Sarah was introduced to me through a common model friend, and from one fateful shoot session, she has become one of my favorites. There's something classic about her beauty that shooting her makes it look timeless. That, or I'm the usual sucker for vintage-looking imagery. This was a simple folio session that turned out interesting since I wanted to push the vintage / pin-up girl look again on her. I wanted subtle eyes, but strong lips which coincidentally becomes the main focal point in her beauty shots.
For those who own a studio or planning to setup one, I highly suggest buying white acrylic sheets. My usual source is Modern Art Broadway, and they sell all sort of useful materials for props and backgrounds we end up using heavily in shoots. Paper background has always been my default choice over rubberized cloth. Although the latter is more cost-efficient, the light doesn't bounce as evenly because of the patterns and ridges it has across the fabric. Also as wear and tear, lint builds up and creases deepen making it more difficult to light over time. Paper backgrounds are prone to getting wet, despite the weight (a.k.a. thickness) of these being more than your usual oslo paper. They also catch dirt easily, and you'd up having to cut those eventually running out of roll. So what's my point? Seems like a waste right? Now, having an acrylic sheet placed on top of the paper background becomes a more practical solution. It protects the paper underneath from unwanted stomping, at the same time pulling the paper evenly preventing any creasing.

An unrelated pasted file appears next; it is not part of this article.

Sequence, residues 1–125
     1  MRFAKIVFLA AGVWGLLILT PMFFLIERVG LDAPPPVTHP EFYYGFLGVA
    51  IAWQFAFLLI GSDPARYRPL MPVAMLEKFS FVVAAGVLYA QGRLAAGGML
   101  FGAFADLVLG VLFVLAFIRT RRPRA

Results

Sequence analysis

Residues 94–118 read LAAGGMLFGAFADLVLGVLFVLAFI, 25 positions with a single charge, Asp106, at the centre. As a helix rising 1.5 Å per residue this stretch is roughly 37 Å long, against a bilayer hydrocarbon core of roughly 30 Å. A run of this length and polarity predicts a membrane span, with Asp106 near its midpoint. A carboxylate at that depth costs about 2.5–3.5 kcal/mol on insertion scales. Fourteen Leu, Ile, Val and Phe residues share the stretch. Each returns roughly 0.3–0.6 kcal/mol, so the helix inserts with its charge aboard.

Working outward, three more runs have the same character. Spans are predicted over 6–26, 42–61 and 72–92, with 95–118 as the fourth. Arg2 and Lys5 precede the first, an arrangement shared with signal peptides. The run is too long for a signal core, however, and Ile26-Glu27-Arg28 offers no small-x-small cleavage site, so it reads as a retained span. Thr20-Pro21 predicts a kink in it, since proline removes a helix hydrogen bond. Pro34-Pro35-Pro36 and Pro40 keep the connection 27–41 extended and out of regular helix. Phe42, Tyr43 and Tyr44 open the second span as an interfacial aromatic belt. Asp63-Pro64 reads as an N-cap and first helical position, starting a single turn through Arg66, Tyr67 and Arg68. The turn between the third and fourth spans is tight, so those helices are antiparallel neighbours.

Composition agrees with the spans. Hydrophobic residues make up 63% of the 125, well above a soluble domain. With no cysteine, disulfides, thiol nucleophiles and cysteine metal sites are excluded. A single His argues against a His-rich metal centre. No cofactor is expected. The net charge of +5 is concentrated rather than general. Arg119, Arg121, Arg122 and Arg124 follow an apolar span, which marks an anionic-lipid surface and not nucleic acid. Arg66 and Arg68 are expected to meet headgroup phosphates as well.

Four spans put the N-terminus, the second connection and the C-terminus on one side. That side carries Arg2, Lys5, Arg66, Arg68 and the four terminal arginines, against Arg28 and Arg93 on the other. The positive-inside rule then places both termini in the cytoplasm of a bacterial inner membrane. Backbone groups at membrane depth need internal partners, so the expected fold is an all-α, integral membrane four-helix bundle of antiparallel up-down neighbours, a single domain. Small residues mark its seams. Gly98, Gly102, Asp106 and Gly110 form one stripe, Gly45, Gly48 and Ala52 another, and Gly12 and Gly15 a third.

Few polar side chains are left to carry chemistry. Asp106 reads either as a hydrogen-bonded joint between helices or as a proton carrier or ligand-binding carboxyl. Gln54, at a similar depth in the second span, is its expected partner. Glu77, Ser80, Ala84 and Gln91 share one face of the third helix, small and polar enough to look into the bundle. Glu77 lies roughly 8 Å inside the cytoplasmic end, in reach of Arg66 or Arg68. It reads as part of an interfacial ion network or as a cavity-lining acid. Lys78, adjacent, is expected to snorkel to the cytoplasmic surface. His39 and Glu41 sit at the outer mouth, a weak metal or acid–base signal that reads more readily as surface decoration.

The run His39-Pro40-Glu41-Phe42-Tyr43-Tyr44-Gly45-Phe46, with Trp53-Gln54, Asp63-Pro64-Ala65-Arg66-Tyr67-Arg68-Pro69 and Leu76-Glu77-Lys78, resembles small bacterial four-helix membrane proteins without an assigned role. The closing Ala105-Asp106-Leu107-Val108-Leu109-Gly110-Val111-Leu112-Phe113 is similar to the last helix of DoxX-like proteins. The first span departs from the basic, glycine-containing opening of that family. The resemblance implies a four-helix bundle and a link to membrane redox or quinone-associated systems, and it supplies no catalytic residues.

You can finally create clean backdrops without subjecting the paper to too much abuse.
This works best with white backgrounds matched with white acrylic sheets of 1/8 thickness. It can work for other colors, but the acrylic and the paper background have to perfectly match.
- Make-up: Jet Babas
- Styling: Hannah Kim (MIA)
- Model: Sarah Gill